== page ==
Grand jury indicts mother of dead newborn
The mother of a newborn baby that was found dead in an Eagle River park two weeks ago was charged with second-degree murder Friday, Oct. 25.
U.S. Army Alaska Specialist Ashley Ard, 24, was taken to Anchorage Jail on Friday evening with bail set at $250,000 cash plus a third-party custodian, Anchorage Police said in a written statement.
A grand jury indicted Ard on one count of second-degree murder Friday.
According to the indictment, Ard “knowingly engaged in conduct that resulted in the death of another person under circumstances manifesting an extreme indifference to the value of human life.”
Ard, who carried the baby to term, gave birth at her Eagle River residence and left the home just before 1 a.m. on Oct. 15, Det. Sgt. Cindi Stanton said at a press conference Saturday, Oct. 26. Ard then went to Turner Park where she left her daughter under a bush, wrapped in a towel, Stanton said.
Results of the medical examiner’s autopsy are still pending, she said, but it’s believed that the newborn died in the park.
Stanton said Ard is married, but did not release any information about the baby’s father due to privacy concerns.
A resident found the baby after his dog, which was leashed, was investigating the area under the bush where the newborn was, Stanton said. The man called 9-1-1 from his cellphone at 9:34 a.m. and reported the baby was not breathing, she said.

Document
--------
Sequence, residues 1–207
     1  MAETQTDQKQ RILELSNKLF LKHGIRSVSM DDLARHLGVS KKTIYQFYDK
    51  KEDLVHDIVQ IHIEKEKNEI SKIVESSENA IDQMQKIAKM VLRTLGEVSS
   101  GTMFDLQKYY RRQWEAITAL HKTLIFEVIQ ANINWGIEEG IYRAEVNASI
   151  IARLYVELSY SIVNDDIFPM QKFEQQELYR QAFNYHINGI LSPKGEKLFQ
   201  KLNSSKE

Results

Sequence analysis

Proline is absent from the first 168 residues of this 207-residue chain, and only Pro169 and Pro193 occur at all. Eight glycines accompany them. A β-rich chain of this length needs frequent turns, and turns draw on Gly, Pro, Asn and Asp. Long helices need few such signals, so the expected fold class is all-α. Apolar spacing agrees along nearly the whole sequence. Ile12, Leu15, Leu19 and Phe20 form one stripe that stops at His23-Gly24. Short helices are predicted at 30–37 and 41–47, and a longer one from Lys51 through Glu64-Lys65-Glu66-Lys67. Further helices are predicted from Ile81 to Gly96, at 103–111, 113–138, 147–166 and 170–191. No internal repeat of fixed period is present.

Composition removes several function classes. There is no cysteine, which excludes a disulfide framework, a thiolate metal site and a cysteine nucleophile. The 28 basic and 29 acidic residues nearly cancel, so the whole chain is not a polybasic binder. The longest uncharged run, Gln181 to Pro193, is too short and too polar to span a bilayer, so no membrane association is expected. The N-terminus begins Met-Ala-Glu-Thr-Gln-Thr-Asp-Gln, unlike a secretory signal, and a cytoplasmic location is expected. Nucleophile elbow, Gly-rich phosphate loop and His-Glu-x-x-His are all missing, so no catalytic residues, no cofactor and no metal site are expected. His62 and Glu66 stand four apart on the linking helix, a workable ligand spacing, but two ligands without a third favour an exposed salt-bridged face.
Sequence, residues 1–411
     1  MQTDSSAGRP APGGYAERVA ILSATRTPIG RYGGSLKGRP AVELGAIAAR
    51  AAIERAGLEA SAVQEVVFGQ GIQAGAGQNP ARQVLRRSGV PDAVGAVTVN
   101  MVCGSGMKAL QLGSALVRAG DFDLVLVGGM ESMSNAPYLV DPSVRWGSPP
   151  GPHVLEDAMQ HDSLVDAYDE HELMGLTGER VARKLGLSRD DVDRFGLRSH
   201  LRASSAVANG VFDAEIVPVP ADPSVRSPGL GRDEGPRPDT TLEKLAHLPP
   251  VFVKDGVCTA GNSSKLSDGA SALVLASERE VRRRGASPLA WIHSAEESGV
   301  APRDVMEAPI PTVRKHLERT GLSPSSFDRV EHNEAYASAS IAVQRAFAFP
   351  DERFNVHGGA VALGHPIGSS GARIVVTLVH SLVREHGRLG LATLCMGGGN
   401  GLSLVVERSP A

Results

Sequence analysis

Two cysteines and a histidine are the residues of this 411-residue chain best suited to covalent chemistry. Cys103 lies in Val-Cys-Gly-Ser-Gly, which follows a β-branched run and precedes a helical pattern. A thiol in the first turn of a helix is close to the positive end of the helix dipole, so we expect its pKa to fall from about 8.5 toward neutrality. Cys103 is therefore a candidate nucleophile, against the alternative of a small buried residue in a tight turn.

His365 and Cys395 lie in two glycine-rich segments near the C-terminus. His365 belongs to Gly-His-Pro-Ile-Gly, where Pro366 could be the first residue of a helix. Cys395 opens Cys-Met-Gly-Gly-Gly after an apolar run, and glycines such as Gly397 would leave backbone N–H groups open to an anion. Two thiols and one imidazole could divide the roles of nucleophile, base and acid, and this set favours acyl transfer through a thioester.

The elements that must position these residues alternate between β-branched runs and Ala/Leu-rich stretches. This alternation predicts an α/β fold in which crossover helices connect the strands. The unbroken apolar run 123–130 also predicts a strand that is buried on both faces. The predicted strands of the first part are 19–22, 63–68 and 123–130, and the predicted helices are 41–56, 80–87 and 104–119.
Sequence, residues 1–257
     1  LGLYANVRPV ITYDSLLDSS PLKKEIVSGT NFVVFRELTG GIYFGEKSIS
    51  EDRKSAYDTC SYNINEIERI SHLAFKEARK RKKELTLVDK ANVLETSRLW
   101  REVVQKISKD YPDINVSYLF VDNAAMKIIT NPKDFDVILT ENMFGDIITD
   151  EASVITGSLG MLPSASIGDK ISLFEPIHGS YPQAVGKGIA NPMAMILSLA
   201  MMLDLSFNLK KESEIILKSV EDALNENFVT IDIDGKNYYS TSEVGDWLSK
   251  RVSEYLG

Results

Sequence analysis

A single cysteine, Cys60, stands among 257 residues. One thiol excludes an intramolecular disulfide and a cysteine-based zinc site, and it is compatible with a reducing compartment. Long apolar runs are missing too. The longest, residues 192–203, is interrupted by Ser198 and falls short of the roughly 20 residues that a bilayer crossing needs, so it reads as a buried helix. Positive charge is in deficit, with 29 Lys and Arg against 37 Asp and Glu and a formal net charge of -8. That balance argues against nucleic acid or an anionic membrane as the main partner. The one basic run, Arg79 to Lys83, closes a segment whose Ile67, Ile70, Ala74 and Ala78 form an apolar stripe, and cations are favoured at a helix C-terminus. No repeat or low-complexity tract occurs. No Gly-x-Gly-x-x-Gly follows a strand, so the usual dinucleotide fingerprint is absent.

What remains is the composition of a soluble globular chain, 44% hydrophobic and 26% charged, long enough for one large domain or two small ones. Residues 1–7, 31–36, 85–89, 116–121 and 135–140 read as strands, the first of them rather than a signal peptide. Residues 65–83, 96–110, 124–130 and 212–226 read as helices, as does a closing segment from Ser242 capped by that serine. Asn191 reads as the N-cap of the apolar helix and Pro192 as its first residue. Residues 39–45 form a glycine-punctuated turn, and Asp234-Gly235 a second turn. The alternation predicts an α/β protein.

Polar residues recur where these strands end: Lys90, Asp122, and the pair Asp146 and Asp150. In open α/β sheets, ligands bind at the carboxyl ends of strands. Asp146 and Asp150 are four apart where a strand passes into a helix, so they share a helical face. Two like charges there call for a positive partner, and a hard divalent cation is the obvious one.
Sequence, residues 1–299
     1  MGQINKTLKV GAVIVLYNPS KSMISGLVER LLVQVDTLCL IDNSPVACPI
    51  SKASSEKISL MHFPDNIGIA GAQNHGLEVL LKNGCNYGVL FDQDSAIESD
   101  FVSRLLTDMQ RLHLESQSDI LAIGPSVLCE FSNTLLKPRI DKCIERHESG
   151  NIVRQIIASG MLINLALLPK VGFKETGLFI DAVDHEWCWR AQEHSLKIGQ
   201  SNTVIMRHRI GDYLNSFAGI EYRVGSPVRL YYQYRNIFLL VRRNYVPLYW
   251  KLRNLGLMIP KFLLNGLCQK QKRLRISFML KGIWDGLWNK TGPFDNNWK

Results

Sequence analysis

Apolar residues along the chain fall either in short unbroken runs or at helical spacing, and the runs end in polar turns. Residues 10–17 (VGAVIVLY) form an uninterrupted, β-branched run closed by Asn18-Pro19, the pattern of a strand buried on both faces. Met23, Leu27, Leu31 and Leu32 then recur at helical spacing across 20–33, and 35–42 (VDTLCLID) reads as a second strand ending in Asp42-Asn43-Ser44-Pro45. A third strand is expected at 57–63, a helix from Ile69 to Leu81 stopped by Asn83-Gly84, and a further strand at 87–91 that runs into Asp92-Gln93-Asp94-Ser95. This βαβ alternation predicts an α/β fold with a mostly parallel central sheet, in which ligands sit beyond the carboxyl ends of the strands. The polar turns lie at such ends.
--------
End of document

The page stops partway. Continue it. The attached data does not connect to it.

Police located Ard after she called for medical assistance the evening of Oct. 15. Stanton said Anchorage Fire Department medics who were responding to a female in Eagle River with injuries consistent to those of someone who might have given birth contacted APD.
Ard was scheduled to be arraigned in Anchorage Superior Court on Tuesday, Oct. 29.
If convicted, she faces 10 to 99 years in prison and a fine up to $500,000, APD said.
Stanton said she didn’t know if Ard was aware of Alaska’s “safe haven” law, which permits people to leave an unwanted child up to 21 days old at specific locations or with certain professionals no questions asked.
Had Ard followed the law, Stanton said, she would not be facing a murder charge.
A baby can be left with a peace officer, community health aide, physician or hospital employee, or can be given to an employee or volunteer at a fire department or emergency medical service. A baby cannot be relinquished if there’s a court order regarding the custody of the child.
Ard, of Portsmouth, Va., joined the Army in 2009 at Fort Jackson in South Carolina, the Army said in a press release. She was assigned to Fort Benning, Ga., from 2010 to 2013 before coming to Alaska in late September.
APD is taking the lead in the investigation, Stanton said, and the Army is assisting.
“We are working jointly on this,” she said.
Stanton said this type of case is rare, and it’s been nearly two decades since a similar situation occurred in the Anchorage area.
Contact Mike Nesper at 694-2727 or email@example.com.